Such views of the great chain of being and the divine right of kings did not persist unchallenged. In England in the 1640s, religious overreach and usurpation of Parliamentary authority by King Charles I (son of James I) precipitated a series of devastating civil wars, in which the King and his forces faced off against Parliament’s army. To make a long and very complicated story short, the royalists lost, and on January 30, 1649, a remnant of Parliament (known as the “Rump Parliament”) executed King Charles I by beheading him.

The tumultuous 1640s had seen not just battles but also failed crops, economic collapse, and the shakeup of key institutions, including the Church of England and the court system. Censorship fell by the wayside, and the Parliamentary army thrust soldiers drawn from the middling and lower classes into new contexts and startling conversations. In this social upheaval, radical ideas—many of them anti-hierarchical—spread like wildfire. In 1647, for example, Col. Thomas Rainborowe argued before members of the Parliamentary army (including Oliver Cromwell) that the franchise ought to be expanded. Rainborowe declared, “The poorest he that is in England hath a life to live as the greatest he,” and ought not to be subjected to a government to which he had not consented through his vote.

In the religious arena, a wide array of new sects emerged, proclaiming dissent against traditional Puritan or Anglican theology and rejection of church order. Some of the sectarians refused to pay the mandatory tithes that supported clergy members’ salaries, proclaiming that access to God and Christ was open to all without any need for “hireling ministers.” The Quakers became the best known such sect, but they were far from alone in their democratizing ideas about access to divine revelation and presence.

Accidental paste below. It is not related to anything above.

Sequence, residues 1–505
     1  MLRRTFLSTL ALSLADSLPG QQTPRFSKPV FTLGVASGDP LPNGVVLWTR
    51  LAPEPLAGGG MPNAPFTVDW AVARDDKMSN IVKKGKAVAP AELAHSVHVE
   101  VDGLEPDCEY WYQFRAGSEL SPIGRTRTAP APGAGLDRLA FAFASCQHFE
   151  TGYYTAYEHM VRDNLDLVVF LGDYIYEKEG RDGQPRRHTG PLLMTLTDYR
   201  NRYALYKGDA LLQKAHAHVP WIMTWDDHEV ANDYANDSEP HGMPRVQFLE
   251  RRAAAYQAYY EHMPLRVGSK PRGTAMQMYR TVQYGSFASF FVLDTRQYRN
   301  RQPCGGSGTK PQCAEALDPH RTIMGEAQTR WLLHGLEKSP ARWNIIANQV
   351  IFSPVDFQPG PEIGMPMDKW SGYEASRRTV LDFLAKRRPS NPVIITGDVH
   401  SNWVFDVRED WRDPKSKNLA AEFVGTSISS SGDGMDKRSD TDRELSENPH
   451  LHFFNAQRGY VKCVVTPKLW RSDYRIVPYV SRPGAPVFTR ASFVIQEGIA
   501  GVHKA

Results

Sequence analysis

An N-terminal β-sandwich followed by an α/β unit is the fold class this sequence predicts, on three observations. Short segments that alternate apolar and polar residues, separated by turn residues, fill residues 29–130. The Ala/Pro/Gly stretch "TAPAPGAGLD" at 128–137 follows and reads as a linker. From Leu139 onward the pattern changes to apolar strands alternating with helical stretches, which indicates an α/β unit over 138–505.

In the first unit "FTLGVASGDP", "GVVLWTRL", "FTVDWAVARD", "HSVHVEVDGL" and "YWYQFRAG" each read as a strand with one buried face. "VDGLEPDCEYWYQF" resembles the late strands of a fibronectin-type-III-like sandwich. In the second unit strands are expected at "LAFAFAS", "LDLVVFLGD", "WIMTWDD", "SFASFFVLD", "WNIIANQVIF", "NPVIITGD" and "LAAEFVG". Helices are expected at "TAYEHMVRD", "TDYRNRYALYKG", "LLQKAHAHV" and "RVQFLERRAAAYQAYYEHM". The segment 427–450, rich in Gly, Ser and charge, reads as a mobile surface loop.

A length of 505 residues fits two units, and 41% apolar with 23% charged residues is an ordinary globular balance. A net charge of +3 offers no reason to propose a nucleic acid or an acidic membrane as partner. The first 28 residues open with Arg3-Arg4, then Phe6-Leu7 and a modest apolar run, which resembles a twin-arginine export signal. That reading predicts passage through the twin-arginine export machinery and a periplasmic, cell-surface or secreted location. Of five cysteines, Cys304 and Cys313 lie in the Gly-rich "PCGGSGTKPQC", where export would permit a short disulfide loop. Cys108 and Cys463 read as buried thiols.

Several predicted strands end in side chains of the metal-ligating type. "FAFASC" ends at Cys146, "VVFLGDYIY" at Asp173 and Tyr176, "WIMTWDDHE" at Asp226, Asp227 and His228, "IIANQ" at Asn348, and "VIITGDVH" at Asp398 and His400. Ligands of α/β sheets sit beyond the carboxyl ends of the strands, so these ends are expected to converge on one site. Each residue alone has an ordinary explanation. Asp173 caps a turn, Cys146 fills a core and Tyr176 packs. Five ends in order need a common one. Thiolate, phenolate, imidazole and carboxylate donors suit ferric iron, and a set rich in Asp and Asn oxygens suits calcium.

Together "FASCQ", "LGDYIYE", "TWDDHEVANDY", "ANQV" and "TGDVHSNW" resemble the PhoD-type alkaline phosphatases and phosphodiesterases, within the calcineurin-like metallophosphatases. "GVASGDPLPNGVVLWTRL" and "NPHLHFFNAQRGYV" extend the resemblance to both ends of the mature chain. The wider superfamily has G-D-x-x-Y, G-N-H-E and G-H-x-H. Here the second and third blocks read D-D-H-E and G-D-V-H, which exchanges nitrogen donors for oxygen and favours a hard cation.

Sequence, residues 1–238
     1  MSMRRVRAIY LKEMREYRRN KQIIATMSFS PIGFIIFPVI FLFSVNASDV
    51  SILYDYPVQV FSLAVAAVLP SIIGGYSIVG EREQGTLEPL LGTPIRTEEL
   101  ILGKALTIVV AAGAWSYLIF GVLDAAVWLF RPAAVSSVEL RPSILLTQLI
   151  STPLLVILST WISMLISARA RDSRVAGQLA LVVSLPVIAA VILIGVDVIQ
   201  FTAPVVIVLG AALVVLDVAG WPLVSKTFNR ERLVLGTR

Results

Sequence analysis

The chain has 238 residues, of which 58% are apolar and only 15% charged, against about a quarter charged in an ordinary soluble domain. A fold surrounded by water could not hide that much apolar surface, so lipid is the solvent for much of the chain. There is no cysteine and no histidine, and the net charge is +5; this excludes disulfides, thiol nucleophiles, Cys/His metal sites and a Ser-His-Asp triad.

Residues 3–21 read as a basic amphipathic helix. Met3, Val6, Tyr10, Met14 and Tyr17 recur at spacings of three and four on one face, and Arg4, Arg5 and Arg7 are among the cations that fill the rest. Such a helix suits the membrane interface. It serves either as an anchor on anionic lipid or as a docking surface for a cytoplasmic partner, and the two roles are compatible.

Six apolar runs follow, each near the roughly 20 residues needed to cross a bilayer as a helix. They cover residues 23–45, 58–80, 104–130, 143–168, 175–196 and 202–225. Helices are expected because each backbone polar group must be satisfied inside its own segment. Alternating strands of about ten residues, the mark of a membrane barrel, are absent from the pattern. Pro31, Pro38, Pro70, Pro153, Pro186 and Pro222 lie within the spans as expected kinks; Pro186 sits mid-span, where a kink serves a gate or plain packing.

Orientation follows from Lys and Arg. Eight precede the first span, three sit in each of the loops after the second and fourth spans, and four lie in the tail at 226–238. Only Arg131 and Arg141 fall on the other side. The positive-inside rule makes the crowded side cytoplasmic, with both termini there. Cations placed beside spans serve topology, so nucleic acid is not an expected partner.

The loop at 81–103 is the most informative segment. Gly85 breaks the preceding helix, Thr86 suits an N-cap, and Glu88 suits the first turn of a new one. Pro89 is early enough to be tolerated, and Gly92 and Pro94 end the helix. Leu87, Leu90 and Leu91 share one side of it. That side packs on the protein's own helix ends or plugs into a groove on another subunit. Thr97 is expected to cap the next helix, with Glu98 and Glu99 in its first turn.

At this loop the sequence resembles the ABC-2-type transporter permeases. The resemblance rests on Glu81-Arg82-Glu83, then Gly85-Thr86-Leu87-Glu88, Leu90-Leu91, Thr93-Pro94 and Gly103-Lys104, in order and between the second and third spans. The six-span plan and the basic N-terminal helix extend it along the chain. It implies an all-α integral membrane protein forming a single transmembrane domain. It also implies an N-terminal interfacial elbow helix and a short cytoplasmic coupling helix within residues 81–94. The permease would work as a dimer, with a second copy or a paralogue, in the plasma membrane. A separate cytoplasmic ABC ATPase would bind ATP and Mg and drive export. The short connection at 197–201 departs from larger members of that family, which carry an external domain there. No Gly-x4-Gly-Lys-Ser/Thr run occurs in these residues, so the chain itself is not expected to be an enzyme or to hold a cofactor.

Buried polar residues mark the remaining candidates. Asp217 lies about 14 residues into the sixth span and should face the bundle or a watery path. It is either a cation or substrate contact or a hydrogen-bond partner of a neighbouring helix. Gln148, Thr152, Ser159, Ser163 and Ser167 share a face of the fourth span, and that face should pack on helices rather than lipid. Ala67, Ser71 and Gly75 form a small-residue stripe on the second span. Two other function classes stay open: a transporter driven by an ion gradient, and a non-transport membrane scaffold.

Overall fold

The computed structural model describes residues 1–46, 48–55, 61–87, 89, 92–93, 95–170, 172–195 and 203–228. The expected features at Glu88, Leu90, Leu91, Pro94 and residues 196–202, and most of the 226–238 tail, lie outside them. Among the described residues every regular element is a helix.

Nor were the Quakers unique in the ways they undermined social status and hierarchies. For instance, beginning in 1648 a commoner named Gerrard Winstanley published pamphlets condemning society’s systemic oppression of the poor. Winstanley was a brilliant and biblically literate writer even though he apparently had little formal education. In 1649 he began organizing popular resistance to exclusive property laws, proclaiming that God had created the earth as “a common treasury” and that historic patterns of land distribution were sinful. Winstanley led a group who called themselves the “Diggers” or “True Levellers” in cultivating fallow land that they did not not own so as to produce food and income to survive. The group was broken up by the authorities, but Winstanley endures as an exemplar of those who—like Mary and Jesus—have critiqued the powers and declared God to be on the side of the oppressed.